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Concert Review II: ‘The Power of Music’ Spring Concert 2024

Christ Church Selly Park Saturday 20th April 2024

Poster advertising the power of a music concert 2024

Having woken up incredibly early on Saturday 20th April for a very important haircut, I needed something other than caffeine (mum says I shouldn’t drink it past three) to wake me up, and Selly Park Singers delivered! Following a humorous introduction from Director Paul Carr, who informed us with great clarity on the locations of the fire exit and toilets, but more importantly on composer Dennis Pim, who’s eclectic compositions and arrangements would feature heavily in the following concert.

We were introduced to Pim’s compositional excellence with the eponymous Power of Music, which was written in 1998 for a commission for the Open University Choir’s 25th anniversary. Having demonstrated an assortment of high and low notes, and a huge range of tempos, the singers moved on to a touching setting of the famous poem Remember, written by Christina Rossetti. The setting, composed by Pim in 2021, held a special place in my heart, the poem being a favourite of my late grandparents and therefore my mother’s.

We took a small break from Pim in the following section, ‘From the Bavarian Highlands,’ that exhibited the wistful music of celebrated musician Edward Elgar written following his holidays in Bavaria in the 1890s. The singers kicked off their second segment with The Dance, its upbeat tempo and leaping melodies making it a highlight of the concert. False Love exhibited Paul Carr’s directional talents once more as the three choral sections mimicked the tale of a love triangle, and the wistful, drifting melodies simulated the alpine scenery of which the song was set.Dick Price deserves special recognition for his skills in piano that accompanied the choir throughout the concert, but specifically his beautiful introductory melody in Lullaby.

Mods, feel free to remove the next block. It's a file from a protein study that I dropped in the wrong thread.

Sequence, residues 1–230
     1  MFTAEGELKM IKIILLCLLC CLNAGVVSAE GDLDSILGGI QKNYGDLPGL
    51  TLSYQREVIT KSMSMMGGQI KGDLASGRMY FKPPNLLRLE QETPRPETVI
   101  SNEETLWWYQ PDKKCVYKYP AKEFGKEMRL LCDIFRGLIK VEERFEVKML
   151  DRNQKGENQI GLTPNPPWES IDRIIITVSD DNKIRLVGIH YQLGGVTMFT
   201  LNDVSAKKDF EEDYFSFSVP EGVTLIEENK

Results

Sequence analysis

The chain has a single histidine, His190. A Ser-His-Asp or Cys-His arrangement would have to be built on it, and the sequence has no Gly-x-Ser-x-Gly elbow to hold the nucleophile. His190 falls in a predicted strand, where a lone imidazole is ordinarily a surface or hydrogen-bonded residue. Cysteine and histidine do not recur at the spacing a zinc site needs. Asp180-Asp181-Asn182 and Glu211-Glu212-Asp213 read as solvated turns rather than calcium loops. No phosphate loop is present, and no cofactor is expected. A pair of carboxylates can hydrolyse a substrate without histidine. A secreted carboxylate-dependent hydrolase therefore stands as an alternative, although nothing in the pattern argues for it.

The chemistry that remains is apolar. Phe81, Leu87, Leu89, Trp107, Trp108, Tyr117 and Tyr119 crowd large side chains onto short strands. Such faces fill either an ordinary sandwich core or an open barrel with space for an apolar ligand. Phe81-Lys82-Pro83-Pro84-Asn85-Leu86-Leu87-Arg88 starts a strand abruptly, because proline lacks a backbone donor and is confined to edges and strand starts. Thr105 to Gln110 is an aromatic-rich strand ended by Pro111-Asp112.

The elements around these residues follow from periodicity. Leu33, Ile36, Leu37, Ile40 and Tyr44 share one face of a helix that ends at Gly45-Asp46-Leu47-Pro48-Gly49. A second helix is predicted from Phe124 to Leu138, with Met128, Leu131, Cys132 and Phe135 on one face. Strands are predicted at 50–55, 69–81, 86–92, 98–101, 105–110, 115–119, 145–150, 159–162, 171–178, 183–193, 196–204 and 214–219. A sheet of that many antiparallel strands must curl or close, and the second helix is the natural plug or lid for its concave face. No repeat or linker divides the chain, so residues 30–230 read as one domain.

Following Elgar’s section, we were treated by a three-song performance from The Sandy Band, an offshoot of the Selly Park Singers composed of guitarist and vocalist Sandy Cresswell and Bob Walker on the bass, flute and guitar. The performance broke up the more traditional set of the choir nicely, and their concluding performance of Country Roads by John Denver had the audience and choir singing along!

The fourth part of the set revisited the work of Pim as it featured three pieces originally designed by the arranger to feature at weddings. The section began with the famously romantic All I Ask of You from The Phantom of the Opera. John Denver proved popular as his work featured once more, and the key change in Annie’s Song stuck out as a key moment within the entire concert. SPS concluded their fourth section with We’ve Only Just Begun, designed by Roger Nichols and Paul Williams from an original arrangement by Richard Carpenter. The bell like rhythm and resilient and inspiring nature of the choir’s harmonies resulted in the song being another favourite of mine.

Lynn Davies was provided the opportunity to demonstrate her skills in jazz piano in the penultimate section of the concert, taking centre stage in a solo display of three contrasting pieces from the Oscar Peterson Highlights Jazz Piano collection. Davies proved commendable resilience and determination as she executed the challenging pieces, receiving a noteworthy round of applause from a very impressed audience!

The Selly Park Singers finished their set with two final pieces arranged by Dennis Pim beginning with The Farmer’s Boy, a traditional 19th-century ballad. The concert was concluded with what Carr disclaimed as the ‘most challenging’ piece, a traditional twelve-verse English folksong that can be likened structurally to songs like The Twelve Days of Christmas. It seemed that no disclaimer was necessary however, as Paul and the choir executed the repetitive structure littered with an assortment of keys and tempos with no hitch whatsoever, finishing the set with a bang!

Maddie Langham-Walsh